National grid operator predicts winter electricity supply squeeze

National Grid Operator Predicts Winter Electricity Supply Squeeze National Grid Operator Predicts Winter Electricity Supply Squeeze
EirGrid says growing demand, including from data centres, will leave the Republic facing electricity shortages. Photo: Oli Scarff/Getty Images
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Vivienne Clarke

Unscheduled power plant shutdowns will contribute to a winter electricity supply squeeze in the Republic, according to a report from national grid operator EirGrid published on Thursday.

The State company says growing demand, including from data centres and other large energy users, along with scheduled power plant closures will leave the Republic facing electricity shortages in the short and medium term.

However, Northern Ireland will have surplus electricity supplies for most of the rest of the decade, barring 2024 and 2025.

Mark Foley, chief executive of Eirgrid, said it would take “an extraordinary confluence of events for the lights to go out” this winter.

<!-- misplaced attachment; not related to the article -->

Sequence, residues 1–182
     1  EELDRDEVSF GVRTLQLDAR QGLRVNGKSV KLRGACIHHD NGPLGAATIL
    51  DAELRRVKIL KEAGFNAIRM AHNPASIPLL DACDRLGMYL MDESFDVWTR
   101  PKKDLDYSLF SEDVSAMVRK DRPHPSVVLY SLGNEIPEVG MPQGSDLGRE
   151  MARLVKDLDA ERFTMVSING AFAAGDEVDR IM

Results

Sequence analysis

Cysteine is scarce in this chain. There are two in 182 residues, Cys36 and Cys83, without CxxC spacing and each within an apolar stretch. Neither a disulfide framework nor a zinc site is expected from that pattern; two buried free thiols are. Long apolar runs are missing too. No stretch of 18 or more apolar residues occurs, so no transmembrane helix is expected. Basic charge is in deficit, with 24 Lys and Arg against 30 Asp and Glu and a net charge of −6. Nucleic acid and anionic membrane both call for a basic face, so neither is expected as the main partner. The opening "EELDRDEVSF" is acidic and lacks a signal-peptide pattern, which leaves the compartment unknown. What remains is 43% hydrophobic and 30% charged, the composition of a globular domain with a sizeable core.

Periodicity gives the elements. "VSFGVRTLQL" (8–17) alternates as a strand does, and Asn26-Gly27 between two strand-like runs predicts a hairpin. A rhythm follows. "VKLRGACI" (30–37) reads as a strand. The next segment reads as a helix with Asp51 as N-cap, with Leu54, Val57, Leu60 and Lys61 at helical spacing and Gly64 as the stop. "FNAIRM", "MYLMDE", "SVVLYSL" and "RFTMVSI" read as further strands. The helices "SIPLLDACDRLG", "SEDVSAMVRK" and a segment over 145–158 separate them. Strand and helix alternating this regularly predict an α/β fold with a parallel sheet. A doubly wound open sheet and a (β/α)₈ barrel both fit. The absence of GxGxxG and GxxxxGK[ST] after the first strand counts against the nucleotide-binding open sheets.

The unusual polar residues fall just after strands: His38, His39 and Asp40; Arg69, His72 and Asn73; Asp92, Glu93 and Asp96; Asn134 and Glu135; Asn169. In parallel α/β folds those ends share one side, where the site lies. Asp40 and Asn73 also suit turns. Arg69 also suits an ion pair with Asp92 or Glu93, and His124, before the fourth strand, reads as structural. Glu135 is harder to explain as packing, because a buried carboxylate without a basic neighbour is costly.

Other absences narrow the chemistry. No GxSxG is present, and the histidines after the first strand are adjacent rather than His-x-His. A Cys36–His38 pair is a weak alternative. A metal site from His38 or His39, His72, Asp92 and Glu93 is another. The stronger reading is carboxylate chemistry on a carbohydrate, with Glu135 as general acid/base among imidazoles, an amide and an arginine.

Speaking to RTÉ’s Morning Ireland, he said it would be a “tight” winter with no guarantee that blackouts can be avoided.

The “extraordinary confluence of events” would include “a very, very cold winter”, no wind on a cold January evening, high demand, an interconnector failure with the UK because of similar extreme weather conditions and a major fossil fuel plant failure.


Mr Foley said there had been very good engagement with large energy users such as big industrial users and data centres and that Eirgrid and the ESB had “deep experience” in dealing with difficult conditions such as last winter.

Data centres would make their back-up generation available to keep the system stable. “This is a very positive part of this contingency. They're ready if we need them and we can count on their support,” he said.

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While the peak demand growth in Ireland for electricity over the five years had been 9 per cent, which was a relatively small increase in demand, Ireland had problems accommodating this because of the failure to deliver new forms for generating energy. Growth over the next decade was forecast to be 30 per cent, he said.

Mr Foley called for incentive mechanisms to be changed so more certainty could be given to developers to build new plants.

He said the continuing gap between energy demand and generation was because new forms of gas generation capacity had not been delivered to the market and older plants were becoming less reliable.

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